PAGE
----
Book Reviews -- Women and Families: Feminist Reconstructions by Kristine M. Baber and Katherine R. Allen

By Perry-Jenkins, Maureen | Family Relations, January 1995 | Go to article overview

Book Reviews -- Women and Families: Feminist Reconstructions by Kristine M. Baber and Katherine R. Allen


Perry-Jenkins, Maureen, Family Relations


New York: Guilford. 276 pp. Hardcover ISBN 0-89862-082-1, price $40.00.

The most exciting aspect of Baber and Allen's book is that they go beyond describing the reality of women in families in the 1990s to challenging themselves and their audience to envision what families "could be." Using a postmodern feminist perspective to guide their thinking, the authors address aspects of women's intimate relationships, sexuality, reproduction, caregiving, work, and power, both within the family and in society. They reconstruct the meaning of these dimensions in women's lives while placing the needs and rights of women at the forefront of their analysis.

This book makes a number of significant contributions to the family literature. By acknowledging that there is no monolithic "women's experience," the authors direct us to examine the multiple experiences of women in families as they differ for lesbians and heterosexuals, for women of color, and for women of different social classes. For example, the politics of reproduction both within the family and in society at large differ dramatically for married women and for lesbian couples. For the former group, family preservation and motherhood reigns supreme, whereas lesbian mothers often face the societal threat of having their children taken away. Baber and Allen repeatedly demonstrate the ways in which women's experiences within families are often a function of the values and rules handed down by a patriarchal society.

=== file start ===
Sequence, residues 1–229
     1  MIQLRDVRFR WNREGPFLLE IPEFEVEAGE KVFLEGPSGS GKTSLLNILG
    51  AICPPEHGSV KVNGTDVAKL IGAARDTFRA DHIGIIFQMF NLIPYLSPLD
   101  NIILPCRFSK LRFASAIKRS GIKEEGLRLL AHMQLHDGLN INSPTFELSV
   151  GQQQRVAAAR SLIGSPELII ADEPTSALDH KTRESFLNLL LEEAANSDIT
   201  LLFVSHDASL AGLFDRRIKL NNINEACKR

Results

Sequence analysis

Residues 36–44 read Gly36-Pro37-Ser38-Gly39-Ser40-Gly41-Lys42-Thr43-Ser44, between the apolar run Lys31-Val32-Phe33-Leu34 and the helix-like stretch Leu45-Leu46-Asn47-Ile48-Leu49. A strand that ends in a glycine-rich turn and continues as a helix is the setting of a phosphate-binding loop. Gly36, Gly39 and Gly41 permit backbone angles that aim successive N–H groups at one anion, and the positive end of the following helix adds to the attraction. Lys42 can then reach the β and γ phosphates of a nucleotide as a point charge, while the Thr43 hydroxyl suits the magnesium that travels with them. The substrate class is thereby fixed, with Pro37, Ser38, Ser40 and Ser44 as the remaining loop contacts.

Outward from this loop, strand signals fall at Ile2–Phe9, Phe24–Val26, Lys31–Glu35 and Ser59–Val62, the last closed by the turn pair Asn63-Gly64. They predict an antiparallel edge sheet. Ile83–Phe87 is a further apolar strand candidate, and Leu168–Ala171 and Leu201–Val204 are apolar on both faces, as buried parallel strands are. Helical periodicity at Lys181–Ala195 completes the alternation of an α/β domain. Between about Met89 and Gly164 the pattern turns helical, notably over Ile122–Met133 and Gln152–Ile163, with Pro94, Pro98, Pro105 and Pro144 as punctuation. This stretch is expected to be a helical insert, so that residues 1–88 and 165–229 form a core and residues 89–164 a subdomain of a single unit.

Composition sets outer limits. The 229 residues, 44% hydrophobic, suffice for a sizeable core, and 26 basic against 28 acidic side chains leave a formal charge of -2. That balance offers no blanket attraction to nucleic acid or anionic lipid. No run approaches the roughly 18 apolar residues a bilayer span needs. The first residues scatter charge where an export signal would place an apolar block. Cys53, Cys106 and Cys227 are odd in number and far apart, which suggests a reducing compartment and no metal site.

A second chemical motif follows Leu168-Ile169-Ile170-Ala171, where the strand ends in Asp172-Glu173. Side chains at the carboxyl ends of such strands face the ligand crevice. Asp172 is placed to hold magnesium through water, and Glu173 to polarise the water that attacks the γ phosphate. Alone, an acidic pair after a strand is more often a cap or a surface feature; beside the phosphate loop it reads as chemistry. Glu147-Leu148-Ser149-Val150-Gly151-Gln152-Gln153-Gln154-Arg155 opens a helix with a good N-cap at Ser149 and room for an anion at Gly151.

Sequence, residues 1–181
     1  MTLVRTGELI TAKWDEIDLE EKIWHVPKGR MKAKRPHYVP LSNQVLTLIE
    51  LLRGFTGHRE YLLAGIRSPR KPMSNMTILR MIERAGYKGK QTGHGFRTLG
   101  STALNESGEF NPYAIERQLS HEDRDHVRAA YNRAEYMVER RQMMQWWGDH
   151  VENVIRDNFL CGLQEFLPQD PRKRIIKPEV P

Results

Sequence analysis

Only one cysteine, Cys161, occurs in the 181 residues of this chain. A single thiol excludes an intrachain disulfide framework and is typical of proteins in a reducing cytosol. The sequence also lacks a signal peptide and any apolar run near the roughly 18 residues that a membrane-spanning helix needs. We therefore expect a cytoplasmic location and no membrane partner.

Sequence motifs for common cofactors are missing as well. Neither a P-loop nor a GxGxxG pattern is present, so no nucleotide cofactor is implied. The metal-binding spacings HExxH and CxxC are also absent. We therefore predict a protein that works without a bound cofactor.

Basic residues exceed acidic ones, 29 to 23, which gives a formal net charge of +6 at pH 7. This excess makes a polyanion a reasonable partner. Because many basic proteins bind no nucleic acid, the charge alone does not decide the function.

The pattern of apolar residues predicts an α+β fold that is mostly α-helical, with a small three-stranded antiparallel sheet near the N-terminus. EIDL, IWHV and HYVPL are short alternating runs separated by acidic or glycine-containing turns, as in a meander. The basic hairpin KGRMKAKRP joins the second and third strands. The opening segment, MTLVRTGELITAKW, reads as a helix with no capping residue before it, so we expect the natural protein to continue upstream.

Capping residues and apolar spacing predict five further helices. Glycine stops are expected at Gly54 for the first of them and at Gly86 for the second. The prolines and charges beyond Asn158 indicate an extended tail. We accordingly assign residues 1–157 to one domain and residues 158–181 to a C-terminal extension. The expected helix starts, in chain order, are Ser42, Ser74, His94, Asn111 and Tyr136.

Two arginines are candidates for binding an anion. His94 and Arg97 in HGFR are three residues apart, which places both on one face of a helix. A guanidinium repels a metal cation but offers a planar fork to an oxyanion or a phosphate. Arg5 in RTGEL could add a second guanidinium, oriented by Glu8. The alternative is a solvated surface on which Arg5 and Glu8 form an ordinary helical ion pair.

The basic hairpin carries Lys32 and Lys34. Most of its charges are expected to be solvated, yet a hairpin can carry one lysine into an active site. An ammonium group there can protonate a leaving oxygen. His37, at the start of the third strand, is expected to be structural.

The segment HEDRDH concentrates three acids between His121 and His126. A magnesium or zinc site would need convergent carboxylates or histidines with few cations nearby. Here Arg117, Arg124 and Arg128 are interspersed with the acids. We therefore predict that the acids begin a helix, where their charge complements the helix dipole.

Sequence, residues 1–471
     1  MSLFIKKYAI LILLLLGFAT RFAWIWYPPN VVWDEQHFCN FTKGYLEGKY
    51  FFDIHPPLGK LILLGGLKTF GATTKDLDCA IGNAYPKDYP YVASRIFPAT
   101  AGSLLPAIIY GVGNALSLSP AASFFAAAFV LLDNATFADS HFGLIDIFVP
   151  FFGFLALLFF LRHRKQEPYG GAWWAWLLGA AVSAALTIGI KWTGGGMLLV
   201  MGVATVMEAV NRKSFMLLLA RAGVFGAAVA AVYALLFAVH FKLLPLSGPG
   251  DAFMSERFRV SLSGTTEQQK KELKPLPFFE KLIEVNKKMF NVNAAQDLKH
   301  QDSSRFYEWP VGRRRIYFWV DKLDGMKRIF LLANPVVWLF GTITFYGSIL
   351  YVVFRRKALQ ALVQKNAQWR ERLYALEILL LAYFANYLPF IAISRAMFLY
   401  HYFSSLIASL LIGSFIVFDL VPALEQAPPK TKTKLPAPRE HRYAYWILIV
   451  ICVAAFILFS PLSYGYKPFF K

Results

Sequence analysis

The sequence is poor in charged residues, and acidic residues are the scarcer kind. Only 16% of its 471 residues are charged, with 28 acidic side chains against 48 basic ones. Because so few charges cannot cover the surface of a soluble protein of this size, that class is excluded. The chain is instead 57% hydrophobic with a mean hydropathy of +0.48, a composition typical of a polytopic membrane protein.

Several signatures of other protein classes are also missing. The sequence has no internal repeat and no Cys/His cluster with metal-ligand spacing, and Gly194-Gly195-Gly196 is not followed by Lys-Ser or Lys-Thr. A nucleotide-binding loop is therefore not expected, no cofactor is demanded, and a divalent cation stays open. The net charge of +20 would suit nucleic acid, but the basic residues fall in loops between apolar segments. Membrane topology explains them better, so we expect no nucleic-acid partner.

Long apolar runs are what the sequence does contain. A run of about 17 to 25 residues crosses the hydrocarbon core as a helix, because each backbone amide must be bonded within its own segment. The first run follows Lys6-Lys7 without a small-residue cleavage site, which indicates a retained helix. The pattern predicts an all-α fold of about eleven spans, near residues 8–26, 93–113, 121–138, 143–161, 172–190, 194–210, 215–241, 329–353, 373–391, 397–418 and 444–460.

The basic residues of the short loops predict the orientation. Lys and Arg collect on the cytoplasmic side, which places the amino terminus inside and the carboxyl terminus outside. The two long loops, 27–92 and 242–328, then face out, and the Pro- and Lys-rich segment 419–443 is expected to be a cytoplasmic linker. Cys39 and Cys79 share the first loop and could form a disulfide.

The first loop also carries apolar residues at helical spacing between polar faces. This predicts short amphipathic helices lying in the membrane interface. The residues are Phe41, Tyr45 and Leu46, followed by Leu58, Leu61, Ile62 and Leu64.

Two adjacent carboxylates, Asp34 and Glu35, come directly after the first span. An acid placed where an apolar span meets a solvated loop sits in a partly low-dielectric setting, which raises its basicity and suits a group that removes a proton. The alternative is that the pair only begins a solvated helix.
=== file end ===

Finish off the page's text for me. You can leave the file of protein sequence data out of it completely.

I found the chapter on "Women and Caregiving" to be the most compelling in the book because it examines the contradictions inherent in women's caregiving, an activity that is "both tension filled and pleasure giving." They question the myth of women's biological disposition to care for children and elderly parents, and in so doing, they point to ways that caregiving has been used to keep women in subordinate positions in families. However, Baber and Allen push us to think beyond "what is" and "what has been" to imagine "what can be. …

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